On the 28th December 1940, Flt. Lt. ‘Al’ Deere was at 20,000ft over North Yorkshire on a training flight with Sgt. Howard Squire, a new member of 54 Squadron based at Catterick.
During the sortie, Sgt. Squire in Spitfire Mk. I KL-A X4650 made a practice attack on Deere in KL-B X4276, also a Mk. I. However he misjudged his attack, and collided with his leader, cutting off the tail plane of KL-B with his propeller.
Deere’s aircraft immediately went into a spin, and after a struggle, he bailed out with a damaged parachute, which failed to open properly. He therefore descended far quicker than was normal, but by incredible good fortune, his arrival at terra firma was cushioned by landing in a cesspit, breaking his fall, and using another of his nine lives.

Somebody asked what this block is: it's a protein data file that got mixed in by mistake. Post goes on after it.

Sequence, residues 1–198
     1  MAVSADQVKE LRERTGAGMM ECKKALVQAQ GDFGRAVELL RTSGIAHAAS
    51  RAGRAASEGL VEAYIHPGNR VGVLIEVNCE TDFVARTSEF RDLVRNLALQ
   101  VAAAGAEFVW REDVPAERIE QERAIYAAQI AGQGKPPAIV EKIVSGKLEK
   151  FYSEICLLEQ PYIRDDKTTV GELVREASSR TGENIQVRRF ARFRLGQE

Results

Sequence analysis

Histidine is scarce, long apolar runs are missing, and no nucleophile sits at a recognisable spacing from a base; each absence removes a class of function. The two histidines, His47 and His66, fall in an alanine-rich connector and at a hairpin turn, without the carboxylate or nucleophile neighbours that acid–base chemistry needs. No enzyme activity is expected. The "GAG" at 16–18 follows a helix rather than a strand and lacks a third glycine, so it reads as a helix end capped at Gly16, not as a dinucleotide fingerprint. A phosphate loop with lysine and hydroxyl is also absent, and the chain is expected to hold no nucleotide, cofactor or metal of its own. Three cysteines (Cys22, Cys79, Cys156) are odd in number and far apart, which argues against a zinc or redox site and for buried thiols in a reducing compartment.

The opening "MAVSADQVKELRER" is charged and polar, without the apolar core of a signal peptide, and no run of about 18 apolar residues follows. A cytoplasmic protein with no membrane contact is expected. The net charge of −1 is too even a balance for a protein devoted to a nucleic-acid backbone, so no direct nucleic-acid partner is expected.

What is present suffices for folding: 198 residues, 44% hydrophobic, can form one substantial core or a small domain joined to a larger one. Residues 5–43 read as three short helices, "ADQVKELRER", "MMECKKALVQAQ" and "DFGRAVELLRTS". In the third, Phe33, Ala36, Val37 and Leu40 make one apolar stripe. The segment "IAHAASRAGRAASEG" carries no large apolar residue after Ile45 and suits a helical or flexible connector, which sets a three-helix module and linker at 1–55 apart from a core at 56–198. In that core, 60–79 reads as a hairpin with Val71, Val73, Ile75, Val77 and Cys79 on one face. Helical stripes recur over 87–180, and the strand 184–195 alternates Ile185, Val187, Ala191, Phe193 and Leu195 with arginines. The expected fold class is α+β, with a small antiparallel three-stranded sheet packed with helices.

Sgt Squire meanwhile had sustained severe damage to KL-A , namely a bent prop, but fortunately remained in control long enough to trim the aircraft and bail our successfully. The sergeant then watched from his parachute as the pilotless Spitfire glided in flat circles down to
virtually land itself in a field. It seems Sergeant Squire had a knack for trimming out disabled Spitfires.
Two months later, on his first operational sortie, he was shot down over France and made a P.O.W. On the occasion of his second bail out, again his trimmed Spitfire landed itself, this time in a field near Calais.